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IEA debates the street protests across Brazil

by Richard Meckien - published Jun 20, 2013 03:15 PM - - last modified Aug 26, 2015 01:59 PM

A debate entitled 'What's Happening?' will be held on June 21, at 11 am, with the participation of various of the researchers associated to the IEA as panelists and moderation by Renato Janine Ribeiro.

Manifestação no Largo da Batata, São PauloThe IEA has always dedicated a part of its academic efforts to the analysis of institutions and to debate proposals that are relevant for Brazil’s economic, social and cultural development, in particular regarding public policies. Thus, the institute sees the recent wave of demonstrations that has invaded the streets of the major Brazilian cities and even of abroad as a phenomenon that deserves an interdisciplinary reflection in order to figure out what it means for the present and the future of the country.

In this sense, the IEA proposes a debate entitled 'What's Happening?' to be held on June 21, at 11 am. The panelists will be researchers associated to the institute, including Massimo Canevacci, José Álvaro Moisés, Alfredo Bosi, Sergio Adorno, Bernardo Sorj, José da Rocha Carvalheiro, Dennis de Oliveira, Arlene Clemesha, Nicolas Lechopier, Lucia Maciel Barbosa de Oliveira and Sylvia Dantas. Moderation will be in charge of Renato Janine Ribeiro, with Alexey Dodsworth Magnavita as rapporteur.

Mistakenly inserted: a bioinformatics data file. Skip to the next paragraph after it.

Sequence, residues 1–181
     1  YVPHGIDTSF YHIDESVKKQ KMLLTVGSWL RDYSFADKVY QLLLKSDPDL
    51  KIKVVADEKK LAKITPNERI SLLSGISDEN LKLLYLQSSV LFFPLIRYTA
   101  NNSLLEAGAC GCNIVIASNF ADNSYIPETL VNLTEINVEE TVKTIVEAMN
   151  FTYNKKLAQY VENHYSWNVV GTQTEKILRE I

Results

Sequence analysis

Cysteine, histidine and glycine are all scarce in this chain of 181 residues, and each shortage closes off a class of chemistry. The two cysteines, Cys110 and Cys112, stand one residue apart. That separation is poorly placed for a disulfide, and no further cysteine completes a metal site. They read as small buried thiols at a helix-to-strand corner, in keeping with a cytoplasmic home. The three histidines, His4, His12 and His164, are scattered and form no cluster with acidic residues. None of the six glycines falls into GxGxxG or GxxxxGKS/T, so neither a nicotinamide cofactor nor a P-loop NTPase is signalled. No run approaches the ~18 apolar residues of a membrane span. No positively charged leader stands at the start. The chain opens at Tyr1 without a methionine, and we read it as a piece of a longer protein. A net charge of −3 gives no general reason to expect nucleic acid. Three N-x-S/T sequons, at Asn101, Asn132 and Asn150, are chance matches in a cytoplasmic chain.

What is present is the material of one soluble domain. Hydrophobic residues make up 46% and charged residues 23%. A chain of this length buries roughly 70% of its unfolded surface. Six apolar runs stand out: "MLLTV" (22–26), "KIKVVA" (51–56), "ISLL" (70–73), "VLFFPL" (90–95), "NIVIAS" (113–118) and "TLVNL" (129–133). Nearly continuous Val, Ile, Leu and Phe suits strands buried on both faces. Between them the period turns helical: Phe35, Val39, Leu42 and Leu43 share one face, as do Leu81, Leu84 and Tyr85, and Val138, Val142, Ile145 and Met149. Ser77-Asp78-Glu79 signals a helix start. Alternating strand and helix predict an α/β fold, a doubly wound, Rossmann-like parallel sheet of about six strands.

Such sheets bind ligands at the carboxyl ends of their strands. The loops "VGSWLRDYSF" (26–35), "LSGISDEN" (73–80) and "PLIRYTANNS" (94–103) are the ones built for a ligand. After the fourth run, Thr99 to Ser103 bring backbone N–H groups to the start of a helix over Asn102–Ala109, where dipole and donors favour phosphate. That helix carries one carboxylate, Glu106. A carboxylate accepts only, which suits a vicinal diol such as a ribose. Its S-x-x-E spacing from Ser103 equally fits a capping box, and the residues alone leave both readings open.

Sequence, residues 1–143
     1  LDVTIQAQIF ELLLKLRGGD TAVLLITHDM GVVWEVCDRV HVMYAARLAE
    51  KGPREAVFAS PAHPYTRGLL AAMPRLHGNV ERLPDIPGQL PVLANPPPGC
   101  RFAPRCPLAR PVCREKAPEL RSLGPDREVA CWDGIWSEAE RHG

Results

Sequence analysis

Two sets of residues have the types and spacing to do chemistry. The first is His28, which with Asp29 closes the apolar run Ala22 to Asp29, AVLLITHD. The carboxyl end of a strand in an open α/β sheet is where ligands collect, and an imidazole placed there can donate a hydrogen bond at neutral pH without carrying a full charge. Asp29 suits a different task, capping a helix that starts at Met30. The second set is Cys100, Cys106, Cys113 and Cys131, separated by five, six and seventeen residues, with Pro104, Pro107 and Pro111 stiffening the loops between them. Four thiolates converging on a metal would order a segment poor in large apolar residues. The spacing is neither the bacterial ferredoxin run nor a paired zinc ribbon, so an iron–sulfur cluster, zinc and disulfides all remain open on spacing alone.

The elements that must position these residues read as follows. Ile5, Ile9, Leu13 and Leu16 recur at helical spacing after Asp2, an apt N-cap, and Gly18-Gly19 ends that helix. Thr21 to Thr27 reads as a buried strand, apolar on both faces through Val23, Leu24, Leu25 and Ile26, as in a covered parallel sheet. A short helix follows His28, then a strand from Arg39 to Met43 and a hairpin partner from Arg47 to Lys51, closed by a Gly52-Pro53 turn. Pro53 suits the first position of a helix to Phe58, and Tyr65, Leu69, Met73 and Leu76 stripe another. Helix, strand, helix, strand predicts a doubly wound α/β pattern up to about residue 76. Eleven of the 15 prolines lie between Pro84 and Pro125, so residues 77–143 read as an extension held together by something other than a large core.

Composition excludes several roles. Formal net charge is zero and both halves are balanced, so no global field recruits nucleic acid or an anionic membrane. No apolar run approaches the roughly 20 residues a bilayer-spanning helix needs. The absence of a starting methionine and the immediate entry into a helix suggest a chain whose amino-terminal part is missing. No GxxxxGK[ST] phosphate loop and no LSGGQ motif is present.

The event will be broadcast live from IEA's Event Room at


Initiated in Porto Alegre and then spread to Natal, São Paulo and Rio de Janeiro, the demonstrations against price adjustments of urban transport led to a nationwide mobilization on June 17. People of a dozen state capitals took over the streets engaged with a wider agenda that now includes  demands for improvements in public health and education, protests against media, the questioning of the spending on the building of stadiums for the Soccer World Cup, the desire to putting an end to corruption and the refusal of the recently proposed Constitutional Amendment 37, which reduces the powers of investigation prosecutors, among others.

The protesters are mostly young students, mainly articulated by various branches of the ‘Passe Livre’ Movement (MPL), which advocates the lowering of public transport tariffs or even their elimination. They were joined by members of other social initiatives and ordinary people. It is said that MPL is nonpartisan and governed by a non-hierarchical order and users of new communication technologies, especially social networks as tools of mobilization and dissemination of ideas and events. Many say that Brazil woke up and now they want to change it.

Governments, parliamentarians, political analysts and journalists try to interpret the phenomenon as well as its emergence, goals and perspectives. The reviews speak of a ‘wind of change’ in Brazilian politics, which would be a reflection of a representation crisis, the identification with movements in other countries, the seeking of a leading role beyond the one possible in social networks, and other motivations.

Photo: Eric Hayashi